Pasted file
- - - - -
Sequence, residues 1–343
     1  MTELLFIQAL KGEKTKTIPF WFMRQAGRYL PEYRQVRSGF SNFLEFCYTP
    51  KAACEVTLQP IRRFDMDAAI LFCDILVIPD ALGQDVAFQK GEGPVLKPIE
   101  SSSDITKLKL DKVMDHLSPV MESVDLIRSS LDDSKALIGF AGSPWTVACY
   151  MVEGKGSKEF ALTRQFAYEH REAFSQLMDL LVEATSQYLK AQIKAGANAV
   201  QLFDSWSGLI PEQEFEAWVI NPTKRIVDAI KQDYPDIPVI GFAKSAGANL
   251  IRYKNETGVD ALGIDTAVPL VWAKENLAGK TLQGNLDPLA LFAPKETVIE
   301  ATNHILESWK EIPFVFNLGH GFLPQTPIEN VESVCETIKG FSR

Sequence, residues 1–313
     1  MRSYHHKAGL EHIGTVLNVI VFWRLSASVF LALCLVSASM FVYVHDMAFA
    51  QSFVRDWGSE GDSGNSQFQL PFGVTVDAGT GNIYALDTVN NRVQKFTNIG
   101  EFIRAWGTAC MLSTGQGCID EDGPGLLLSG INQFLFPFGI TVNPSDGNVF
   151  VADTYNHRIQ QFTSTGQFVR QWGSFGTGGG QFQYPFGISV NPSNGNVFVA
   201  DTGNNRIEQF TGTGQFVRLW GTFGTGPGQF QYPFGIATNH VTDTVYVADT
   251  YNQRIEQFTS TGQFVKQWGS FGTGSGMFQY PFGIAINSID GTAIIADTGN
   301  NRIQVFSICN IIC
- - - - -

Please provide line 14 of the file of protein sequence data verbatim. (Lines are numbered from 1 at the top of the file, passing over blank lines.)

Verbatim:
   201  DTGNNRIEQF TGTGQFVRLW GTFGTGPGQF QYPFGIATNH VTDTVYVADT